De-Deus et al.[10] evaluated the effectiveness and fracture rate of four pathfinding NiTi rotary instruments in mechanically negotiating moderately curved molar canals. The highest and lowest frequencies of RFWL canals were observed in the ScoutRace and Pro-Design groups (P < 0.05), respectively, whereas the Mtwo and ProGlider groups showed intermediate results (P > 0.05). These findings are contrary to the findings of the present study. This difference may be attributed to the utilization of 2% tapered electropolished ScoutRace as compared to 3% OneG which are used in the present study. ProGlider showed more fracture rate than the Mtwo, ScoutRace, and ProDesign. This may be due to the pecking motion used as compared to gentle in-and-out insertion passes used in the present study.

In clinical practice, cyclic fatigue will increase in curved canals and torsional fatigue will increase in small and obliterated canals (tip lock). The type of NiTi files (design, taper, and size) and the instrumentation technique (crown down or step back and brushing or pecking motions) may overcome these anatomic challenges and prevent file separation.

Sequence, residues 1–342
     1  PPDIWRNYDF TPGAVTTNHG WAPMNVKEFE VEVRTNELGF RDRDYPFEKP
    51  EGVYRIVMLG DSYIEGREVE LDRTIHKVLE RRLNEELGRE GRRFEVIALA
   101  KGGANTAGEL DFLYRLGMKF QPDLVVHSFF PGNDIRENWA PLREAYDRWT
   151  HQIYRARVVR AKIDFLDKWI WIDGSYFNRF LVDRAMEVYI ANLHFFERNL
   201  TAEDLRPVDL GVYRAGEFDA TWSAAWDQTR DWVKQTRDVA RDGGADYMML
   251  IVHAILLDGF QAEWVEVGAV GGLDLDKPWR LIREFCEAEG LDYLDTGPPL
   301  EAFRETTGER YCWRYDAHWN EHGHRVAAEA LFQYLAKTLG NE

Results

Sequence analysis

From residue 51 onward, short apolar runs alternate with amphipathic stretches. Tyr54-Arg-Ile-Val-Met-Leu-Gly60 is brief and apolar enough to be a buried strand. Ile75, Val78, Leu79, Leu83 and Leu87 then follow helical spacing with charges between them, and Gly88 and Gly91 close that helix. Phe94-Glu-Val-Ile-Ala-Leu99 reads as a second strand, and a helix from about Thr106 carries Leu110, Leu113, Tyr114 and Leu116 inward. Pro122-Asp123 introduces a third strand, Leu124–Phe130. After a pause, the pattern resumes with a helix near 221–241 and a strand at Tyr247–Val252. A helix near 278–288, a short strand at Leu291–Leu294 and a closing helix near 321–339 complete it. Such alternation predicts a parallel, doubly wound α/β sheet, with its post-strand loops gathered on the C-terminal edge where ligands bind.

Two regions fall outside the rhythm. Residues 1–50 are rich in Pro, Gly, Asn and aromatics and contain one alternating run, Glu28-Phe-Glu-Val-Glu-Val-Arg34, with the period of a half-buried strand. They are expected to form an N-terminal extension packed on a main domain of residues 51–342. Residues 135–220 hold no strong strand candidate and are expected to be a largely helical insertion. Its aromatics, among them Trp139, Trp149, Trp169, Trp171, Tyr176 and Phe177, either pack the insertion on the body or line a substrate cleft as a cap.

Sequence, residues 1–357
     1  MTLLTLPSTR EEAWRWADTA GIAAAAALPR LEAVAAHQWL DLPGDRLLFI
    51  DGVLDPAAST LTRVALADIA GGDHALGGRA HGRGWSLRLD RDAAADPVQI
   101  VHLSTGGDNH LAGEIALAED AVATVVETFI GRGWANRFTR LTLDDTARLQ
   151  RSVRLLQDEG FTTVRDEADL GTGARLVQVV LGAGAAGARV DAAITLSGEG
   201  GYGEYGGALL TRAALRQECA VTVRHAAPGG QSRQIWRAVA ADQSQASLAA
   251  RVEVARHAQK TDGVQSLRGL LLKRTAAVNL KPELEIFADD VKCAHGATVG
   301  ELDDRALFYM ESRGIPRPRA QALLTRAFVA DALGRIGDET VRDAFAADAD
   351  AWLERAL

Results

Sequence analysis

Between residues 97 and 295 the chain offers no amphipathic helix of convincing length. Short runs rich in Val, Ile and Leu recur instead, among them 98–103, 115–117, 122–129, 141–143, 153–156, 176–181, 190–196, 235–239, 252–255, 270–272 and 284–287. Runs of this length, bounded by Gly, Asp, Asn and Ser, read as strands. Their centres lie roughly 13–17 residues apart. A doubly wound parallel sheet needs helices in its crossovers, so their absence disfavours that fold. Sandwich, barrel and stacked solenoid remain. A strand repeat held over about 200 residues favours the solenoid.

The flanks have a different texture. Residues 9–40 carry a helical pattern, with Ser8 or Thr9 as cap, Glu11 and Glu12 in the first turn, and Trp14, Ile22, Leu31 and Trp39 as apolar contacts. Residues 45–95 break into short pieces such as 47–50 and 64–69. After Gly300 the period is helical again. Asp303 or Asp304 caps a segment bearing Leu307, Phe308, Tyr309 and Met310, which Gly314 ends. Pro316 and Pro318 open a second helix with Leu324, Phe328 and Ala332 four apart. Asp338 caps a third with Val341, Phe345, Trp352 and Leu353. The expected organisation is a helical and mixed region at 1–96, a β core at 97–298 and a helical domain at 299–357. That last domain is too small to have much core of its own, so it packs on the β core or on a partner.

Conclusion Top


Within the limitations of this study, ProGlider performed more efficiently and with less instrument breakage than OneG and Mtwo in mechanically scouting moderately curved canals of molar teeth.

Financial support and sponsorship

Nil.

Conflicts of interest

There are no conflicts of interest.

 
   References Top

1.
Schilder H. Cleaning and shaping the root canal. Dent Clin North Am 1974;18:269-96.  Back to cited text no. 1
    
2.
Peters OA. Current challenges and concepts in the preparation of root canal systems: A review. J Endod 2004;30:559-67.  Back to cited text no. 2
    
3.
Goerig AC, Michelich RJ, Schultz HH. Instrumentation of root canals in molar using the step-down technique. J Endod 1982;8:550-4.  Back to cited text no. 3
    
4.
Kuhn G, Tavernier B, Jordan L. Influence of structure on nickel-titanium endodontic instruments failure. J Endod 2001;27:516-20.  Back to cited text no. 4
    
5.
Parashos P, Messer HH. Rotary NiTi instrument fracture and its consequences. J Endod 2006;32:1031-43.  Back to cited text no. 5